The Group recommends:

  • That SDS should be the body tasked by Ministers to deliver a national employer engagement strategy, with a robust approach to engaging with large, medium and smaller employers
  • That Ministers explore the national commissioning potential of SDS to enable good practice to be rolled out across local authorities
  • That Ministers examine the case for SDS taking control of DWP training for work spending. The Group accepts that the benefits system is reserved but a powerful argument can be made that training for work is, in fact, a crucial element of Scotland's economic development strategy

To conclude, we want a nation with the most able and confident young people in the world. We want these young people to take responsibility for their progression and recognise the value of employment at an early age. We recognise that they need support to do this and we hope that we have provided some new thinking on how that may be achieved.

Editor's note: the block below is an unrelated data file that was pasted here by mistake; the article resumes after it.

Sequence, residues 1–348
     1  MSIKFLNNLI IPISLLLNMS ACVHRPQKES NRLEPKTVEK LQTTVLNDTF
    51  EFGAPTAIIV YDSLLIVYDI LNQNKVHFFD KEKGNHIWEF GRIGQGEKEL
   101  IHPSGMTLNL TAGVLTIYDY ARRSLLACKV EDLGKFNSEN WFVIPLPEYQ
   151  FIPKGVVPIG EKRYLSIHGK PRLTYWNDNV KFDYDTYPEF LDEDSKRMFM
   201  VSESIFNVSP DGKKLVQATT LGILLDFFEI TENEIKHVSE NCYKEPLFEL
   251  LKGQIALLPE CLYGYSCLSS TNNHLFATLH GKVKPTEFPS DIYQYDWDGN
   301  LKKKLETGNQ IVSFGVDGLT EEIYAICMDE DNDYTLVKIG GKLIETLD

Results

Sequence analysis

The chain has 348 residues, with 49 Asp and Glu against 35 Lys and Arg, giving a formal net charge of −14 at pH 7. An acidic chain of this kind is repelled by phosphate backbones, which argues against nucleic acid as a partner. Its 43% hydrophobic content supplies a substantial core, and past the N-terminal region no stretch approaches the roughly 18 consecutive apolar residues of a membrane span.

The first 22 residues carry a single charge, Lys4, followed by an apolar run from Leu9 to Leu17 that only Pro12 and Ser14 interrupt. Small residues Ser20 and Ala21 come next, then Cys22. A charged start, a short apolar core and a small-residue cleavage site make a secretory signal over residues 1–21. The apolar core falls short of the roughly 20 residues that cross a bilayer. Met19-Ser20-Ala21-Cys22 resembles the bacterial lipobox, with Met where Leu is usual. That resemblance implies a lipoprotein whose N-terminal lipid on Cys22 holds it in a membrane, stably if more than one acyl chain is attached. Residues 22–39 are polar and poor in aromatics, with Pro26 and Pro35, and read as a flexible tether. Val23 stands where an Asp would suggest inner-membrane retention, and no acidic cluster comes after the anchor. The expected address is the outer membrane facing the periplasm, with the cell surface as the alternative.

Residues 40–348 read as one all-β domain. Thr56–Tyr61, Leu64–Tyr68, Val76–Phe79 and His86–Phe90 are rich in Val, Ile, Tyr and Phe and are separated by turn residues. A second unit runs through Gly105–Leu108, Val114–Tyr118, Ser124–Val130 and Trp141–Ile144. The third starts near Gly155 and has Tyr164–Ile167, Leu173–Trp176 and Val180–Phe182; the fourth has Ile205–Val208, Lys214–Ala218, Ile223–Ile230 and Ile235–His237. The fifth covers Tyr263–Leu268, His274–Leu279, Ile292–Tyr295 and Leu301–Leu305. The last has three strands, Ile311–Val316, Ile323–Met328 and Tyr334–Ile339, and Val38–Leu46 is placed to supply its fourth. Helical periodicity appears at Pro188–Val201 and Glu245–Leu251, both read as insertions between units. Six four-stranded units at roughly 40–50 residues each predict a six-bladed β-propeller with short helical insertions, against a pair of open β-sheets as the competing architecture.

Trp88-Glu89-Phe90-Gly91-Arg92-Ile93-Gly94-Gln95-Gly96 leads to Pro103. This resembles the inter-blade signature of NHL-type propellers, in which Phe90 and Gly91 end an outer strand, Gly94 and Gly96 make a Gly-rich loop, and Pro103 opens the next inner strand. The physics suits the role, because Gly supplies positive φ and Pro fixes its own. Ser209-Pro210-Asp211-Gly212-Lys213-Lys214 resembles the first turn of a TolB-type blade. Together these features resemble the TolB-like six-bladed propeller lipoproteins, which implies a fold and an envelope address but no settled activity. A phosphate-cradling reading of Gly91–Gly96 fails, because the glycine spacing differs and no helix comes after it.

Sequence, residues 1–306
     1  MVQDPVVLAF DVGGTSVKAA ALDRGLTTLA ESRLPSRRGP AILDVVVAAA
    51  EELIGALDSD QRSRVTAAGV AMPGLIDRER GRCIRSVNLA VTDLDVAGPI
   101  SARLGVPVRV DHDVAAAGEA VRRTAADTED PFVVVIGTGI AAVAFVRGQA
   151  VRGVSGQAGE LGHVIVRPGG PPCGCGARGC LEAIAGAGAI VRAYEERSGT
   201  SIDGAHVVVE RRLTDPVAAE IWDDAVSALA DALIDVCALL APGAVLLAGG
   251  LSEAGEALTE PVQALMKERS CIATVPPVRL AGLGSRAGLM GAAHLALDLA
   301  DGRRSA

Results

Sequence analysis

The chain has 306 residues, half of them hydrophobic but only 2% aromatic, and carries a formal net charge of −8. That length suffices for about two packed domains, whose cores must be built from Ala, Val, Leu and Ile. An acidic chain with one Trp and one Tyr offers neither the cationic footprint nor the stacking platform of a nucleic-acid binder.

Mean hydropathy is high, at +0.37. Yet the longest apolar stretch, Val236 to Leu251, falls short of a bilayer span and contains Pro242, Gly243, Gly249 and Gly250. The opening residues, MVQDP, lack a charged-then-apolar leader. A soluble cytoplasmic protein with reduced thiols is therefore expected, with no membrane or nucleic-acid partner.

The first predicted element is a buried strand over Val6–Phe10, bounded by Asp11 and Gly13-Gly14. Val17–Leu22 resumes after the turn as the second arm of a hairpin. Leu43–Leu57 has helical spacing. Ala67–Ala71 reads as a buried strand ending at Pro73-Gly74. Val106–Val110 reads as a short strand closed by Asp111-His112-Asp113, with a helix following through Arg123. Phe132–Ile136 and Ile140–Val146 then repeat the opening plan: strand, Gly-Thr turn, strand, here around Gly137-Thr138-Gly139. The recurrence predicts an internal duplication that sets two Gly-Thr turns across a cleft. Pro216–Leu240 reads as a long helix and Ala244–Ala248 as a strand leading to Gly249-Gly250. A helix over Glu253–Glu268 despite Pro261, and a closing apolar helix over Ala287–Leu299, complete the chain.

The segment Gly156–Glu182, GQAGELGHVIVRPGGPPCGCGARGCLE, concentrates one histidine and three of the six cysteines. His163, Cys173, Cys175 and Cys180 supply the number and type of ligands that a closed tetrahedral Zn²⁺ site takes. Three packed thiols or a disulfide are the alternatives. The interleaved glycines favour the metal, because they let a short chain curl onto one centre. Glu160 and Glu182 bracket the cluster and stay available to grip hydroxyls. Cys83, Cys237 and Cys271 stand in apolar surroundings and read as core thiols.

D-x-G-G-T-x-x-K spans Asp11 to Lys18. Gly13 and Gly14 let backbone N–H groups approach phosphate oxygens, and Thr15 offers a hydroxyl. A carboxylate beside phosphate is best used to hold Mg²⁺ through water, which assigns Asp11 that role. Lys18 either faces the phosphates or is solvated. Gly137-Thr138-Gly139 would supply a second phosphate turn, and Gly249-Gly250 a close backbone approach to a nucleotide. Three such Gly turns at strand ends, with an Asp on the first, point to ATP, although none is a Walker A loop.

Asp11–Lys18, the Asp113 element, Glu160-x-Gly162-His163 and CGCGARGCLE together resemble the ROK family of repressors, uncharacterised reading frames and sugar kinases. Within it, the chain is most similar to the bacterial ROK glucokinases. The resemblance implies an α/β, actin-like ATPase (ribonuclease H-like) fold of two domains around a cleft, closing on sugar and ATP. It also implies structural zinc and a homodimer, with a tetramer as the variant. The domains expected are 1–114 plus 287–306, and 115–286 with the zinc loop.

This report marks the culmination of the work of the Smith Group. The Group feels that the importance of addressing the NEET agenda is now well understood across Scotland. Our recommendations, we believe, will be important in the next steps of steering our nation's talented young people towards effective contributions and sustainable employment.

Members of The Smith Group

Chair, Lord Smith of Kelvin

Sir Tom Hunter

Chris Van Der Kuyl

Willie Haughey

Jim McColl

Christine Wilson

Peter Galloway

Rory Mair

Julia Swan

NOVEMBER 2011